The US government decided to give a stimulus check to its taxpayers in the hope of reviving the dying economy. They hoped that giving the citizens money to spend would in turn generate demand and increase revenue and thus giving a much-needed boost to the economy.
The Scammers Under The Guise Of Stimulus Checks
Today the Internal Revenue Service implored taxpayers to be wary of fraudulent calls and phishing attempts. IRS informed that in the months of June and July the number of reported scam attempts reached an all-time high.
These attempts can end up in tax-related fraud and identity theft.
IRS Commissioner Chuck Rettig notified that IRS does not call to verify or ask taxpayers to provide financial information to expedite stimulus checks or refunds. Likewise, they do not send out surprise emails with attachments. He requested citizens to visit their official site, IRS.gov for the latest information and to not click on links sent to them.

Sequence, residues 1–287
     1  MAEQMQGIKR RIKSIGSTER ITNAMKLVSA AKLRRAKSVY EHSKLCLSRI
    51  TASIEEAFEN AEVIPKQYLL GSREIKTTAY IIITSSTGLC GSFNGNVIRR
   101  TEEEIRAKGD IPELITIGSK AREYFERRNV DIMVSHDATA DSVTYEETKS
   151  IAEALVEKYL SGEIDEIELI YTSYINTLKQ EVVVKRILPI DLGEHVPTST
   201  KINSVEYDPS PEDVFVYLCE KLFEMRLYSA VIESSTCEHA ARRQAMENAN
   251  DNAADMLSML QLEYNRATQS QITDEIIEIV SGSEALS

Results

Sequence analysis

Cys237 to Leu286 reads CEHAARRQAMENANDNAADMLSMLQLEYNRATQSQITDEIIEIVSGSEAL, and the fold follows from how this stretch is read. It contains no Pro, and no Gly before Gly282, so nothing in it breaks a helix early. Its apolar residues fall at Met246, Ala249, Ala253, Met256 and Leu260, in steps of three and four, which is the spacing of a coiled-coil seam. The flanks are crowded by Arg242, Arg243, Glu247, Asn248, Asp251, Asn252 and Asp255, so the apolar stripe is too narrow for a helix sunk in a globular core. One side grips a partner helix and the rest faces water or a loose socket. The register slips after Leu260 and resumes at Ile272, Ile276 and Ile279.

Citizens should be watchful of not only emails but text messages, websites, and social media pages that request money or personal information. Scammers have been trying to take advantage of stimulus checks since they began. They have been tricking taxpayers into giving their financial information.
The latest phishing scams are being linked to fake coronavirus stimulus checks.
Text messages informing that a taxpayer is eligible for a “stimulus payment” and they must click on a link to fill in the required information to claim it. Phishing emails insisting the IRS has calculated a taxpayer’s “fiscal activity” and they are eligible for an Economic Impact payment in a specific amount.
To avoid falling victim to a scam is proper knowledge of how the IRS communicates with taxpayers.
Taxpayers who think they have been deceived by scammers can visit the Taxpayer Guide to Identity Theft to know what steps to take.